After that first single cell comes alive, every ounce of your baby’s growing body comes from you, Mom. Your habits during pregnancy are your baby’s, too. Your daily activities and the foods you eat are your baby’s primary building blocks for growth. With that in mind, here are eight great tips for keeping your pregnancy weight within a healthy range. And as always, if you have questions about eating healthy, come see Dr. Hessel .
1. Keep portion sizes the same.
Despite the cliché, you are not “eating for two people”. You are nourishing yourself and your baby. Eat the same portion sizes as you did before pregnancy. Although you’ll need about 500 extra calories per day during pregnancy and breastfeeding, eating an extra snack here and there might be an easier habit to break than eating larger portions at every meal.
2. Know how much to gain.
According to the Mayo Clinic, women who were at a normal, healthy weight before pregnancy need to gain 25 to 35 pounds. Underweight women need to gain up to 40 pounds. Overweight or obese women may need to gain as little as 15 pounds. Remember that these calculations can increase if you are carrying more than one baby.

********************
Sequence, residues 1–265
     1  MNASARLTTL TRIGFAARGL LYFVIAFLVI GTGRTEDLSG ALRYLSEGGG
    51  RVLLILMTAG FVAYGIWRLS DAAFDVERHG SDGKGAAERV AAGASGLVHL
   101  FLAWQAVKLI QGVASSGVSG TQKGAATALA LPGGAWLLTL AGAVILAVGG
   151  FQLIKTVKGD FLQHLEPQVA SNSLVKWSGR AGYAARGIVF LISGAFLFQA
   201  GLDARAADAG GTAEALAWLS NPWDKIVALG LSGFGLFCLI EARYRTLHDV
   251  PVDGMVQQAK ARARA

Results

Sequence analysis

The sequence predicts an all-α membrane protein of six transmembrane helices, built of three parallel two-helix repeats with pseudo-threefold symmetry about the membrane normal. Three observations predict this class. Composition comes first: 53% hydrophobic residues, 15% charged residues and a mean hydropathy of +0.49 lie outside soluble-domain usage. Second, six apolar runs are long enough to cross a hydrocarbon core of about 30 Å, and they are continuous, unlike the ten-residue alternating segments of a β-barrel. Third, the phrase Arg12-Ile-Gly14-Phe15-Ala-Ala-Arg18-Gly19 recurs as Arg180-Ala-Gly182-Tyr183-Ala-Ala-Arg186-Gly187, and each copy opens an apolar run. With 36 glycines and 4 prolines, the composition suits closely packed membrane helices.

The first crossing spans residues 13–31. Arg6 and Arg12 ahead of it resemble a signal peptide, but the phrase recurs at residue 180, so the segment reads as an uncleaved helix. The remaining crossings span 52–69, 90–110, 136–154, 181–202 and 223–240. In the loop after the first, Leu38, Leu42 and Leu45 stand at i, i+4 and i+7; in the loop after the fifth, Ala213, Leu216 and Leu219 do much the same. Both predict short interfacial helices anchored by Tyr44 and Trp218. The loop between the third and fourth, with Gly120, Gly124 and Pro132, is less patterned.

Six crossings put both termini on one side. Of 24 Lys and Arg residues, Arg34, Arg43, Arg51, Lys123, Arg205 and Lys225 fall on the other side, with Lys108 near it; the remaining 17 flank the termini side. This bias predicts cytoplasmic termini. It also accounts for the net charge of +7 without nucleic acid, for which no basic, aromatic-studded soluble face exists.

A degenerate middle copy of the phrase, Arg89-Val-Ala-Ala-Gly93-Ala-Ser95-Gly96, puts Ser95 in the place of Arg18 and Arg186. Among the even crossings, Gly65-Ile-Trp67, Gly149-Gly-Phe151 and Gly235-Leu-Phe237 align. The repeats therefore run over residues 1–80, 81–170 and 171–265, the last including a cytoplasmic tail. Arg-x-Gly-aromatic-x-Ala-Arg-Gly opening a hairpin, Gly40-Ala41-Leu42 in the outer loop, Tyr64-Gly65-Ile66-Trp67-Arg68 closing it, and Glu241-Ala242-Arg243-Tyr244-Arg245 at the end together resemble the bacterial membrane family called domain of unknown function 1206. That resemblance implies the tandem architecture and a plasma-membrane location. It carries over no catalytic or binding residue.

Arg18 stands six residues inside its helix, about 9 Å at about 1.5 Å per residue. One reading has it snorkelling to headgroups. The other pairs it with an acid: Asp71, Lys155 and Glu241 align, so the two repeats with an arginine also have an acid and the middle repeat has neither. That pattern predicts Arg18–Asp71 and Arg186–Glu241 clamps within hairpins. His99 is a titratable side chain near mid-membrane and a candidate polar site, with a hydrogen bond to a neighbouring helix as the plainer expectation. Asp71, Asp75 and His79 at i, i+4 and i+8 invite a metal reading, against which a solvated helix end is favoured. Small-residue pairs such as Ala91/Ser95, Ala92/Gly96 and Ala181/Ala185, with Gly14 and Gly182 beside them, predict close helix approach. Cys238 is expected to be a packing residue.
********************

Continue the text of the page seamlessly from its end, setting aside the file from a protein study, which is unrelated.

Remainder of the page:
3. Strive for balance.
Your eating patterns should be as regular as possible. You may notice that you’re suddenly ravenous all the time! But make the effort to control it by sticking to a schedule – eat the same amount of food at the same time every day if you can, this will help regulate your blood sugar and keep your energy level at its best. Remember to include a wide variety of foods – “eat the rainbow” (foods of every color) for optimum nutrition.
4. Slow down and chew thoroughly.
This is an overlooked but important factor when it comes to weight gain. A bigger appetite can sometimes mean the urge to “scarf down” those meals – but remember to take your time and chew each bite 25-30 times. You’ll be more satisfied and it will also even out your blood sugar levels, making you feel full sooner. And let’s face it, if you are going to be mindful of what you’re eating you might as well try to savor it.
5. Avoid eating 3 hours before bedtime.
Not only will this help you get the rest you need (now more than ever!), but it will reduce the amount of food that is stored as fat.
6. Practice prenatal yoga.
Prenatal yoga is a wonderful form of exercise. It is easy on the joints, but still helps improve strength and muscle tone. It also improves balance and circulation. The deep breathing used in prenatal yoga will also relax the body and may help speed the labor process, too.
7. Do your thing!
Of course, check with your doctor first, but unless you’re told otherwise, do the activities you normally do – biking, errands, swimming, etc. There’s no need to put your usual activities on hold during pregnancy. It will feel great to get out and be active, and positive comments and interaction with people will lift your spirits.